Its scientists have watched the heavens for more than 60 years, but these days the Jet Propulsion Laboratory in La Canada Flintridge is itself a star.

Millions of Web surfers are monitoring the progress of the Mars Sojourner, the small rover vehicle that touched down on the red planet July 4, while CNN and other media outlets are providing blow-by-blow coverage of the Mars Pathfinder mission.

For JPL, which has suffered budget cuts and job losses in recent years, the timing couldn't be better.

The publicity surrounding the Martian expedition has resulted in a burst of activity at the facility's Technology Affiliates Program offices, which licenses JPL's creations and contraptions to industry.

In addition, the success of the mission could pay dividends during budget appropriation time.

"In the scheme of how Congress works with its budget process, the popularity of this mission will be noticed," said Merton Davies, a space projects researcher at RAND and a member of planetary imaging teams on several JPL space missions.

"I think the success of this mission gave a boost to NASA and JPL, but what that may mean in concrete terms, it's too early to tell," he added.

But it's not too soon to gauge the impact of the Sojourner on private licensing agreements, which is emerging as a relatively small but profitable sideline for the space exploration lab.

"I've been incredibly deluged with calls from people wanting to do something with the Sojourner," said Joan Horvath, Business Alliances Manager of the Technical Affiliates Program. "People want to make Sojourner T-shirts and hats and other things. But what's good is that this pulse has aroused a lot of interest for our other technology."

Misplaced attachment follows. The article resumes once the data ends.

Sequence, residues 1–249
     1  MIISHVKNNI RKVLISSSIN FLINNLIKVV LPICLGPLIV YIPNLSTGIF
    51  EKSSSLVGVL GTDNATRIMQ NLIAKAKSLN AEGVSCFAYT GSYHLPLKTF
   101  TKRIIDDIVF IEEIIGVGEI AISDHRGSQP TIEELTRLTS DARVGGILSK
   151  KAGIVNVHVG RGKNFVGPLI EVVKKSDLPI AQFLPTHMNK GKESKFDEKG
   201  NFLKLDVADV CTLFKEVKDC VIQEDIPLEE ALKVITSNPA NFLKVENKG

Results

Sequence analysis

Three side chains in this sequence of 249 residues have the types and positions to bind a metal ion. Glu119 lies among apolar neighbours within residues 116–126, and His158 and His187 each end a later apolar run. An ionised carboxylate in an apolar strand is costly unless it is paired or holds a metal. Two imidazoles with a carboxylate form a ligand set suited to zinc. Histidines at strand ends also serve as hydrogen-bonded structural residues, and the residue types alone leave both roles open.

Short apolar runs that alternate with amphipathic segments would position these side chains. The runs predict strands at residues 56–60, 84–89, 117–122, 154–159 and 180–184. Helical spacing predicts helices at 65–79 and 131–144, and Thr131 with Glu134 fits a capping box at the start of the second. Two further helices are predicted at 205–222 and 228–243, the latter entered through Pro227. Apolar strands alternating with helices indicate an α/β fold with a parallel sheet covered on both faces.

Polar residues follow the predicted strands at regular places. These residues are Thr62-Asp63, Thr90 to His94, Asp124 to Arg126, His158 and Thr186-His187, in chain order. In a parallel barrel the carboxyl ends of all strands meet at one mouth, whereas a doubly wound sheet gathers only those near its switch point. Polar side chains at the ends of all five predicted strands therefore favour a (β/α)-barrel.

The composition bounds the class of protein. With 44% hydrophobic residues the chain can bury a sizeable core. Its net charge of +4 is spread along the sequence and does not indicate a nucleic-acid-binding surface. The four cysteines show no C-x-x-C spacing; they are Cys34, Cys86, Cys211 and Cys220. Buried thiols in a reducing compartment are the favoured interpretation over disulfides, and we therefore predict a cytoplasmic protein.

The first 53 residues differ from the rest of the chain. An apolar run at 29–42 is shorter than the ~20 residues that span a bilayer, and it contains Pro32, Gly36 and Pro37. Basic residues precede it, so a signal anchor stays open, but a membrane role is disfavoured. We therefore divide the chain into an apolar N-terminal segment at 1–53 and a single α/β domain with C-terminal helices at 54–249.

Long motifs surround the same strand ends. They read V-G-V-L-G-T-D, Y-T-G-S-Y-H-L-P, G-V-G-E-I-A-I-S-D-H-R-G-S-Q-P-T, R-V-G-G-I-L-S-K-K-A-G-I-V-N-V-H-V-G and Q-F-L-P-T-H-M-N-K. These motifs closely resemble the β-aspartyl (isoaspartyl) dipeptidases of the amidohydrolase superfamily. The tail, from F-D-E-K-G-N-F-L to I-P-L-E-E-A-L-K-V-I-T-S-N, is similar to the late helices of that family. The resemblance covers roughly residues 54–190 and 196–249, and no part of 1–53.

Usually, the "Tech Transfer" offices receive a phone inquiry every one or two or three days, Horvath said. Because the office also hooks up companies with JPL scientists to conduct research for them, most of the calls typically pertain to how JPL's technology can be used to tackle a company's problem or incorporated in a product.

But since the July 4 Mars touchdown, a dozen companies and entrepreneurs have called each day with ideas for products linked to the Pathfinder mission or other space technology.

Most are hoping for the kind of response that Mattel Inc. has had with its Hot Wheels JPL Sojourner Mars Rover Action Pack. It's a mini version of the lander and rover vehicle, complete with its six rock-skipping locomotive wheels.

"The Mars Rovers have been mostly unavailable lately and we've speeded up distribution," said Sara Rosales, a Mattel spokeswoman.

The toy, launched last May, was sold out at several Los Angeles toy stores last week.

Rosales said the Sojourners originally had been shipped to toy stores in crates along with seven other "themed" Hot Wheels models in the Action Pack series, such as police and beach patrol packages. But now the company has begun shipping those crates exclusively with Sojourner packs until demand slows down. Mattel declined to release any sales figures or statistics on the Sojourner toy.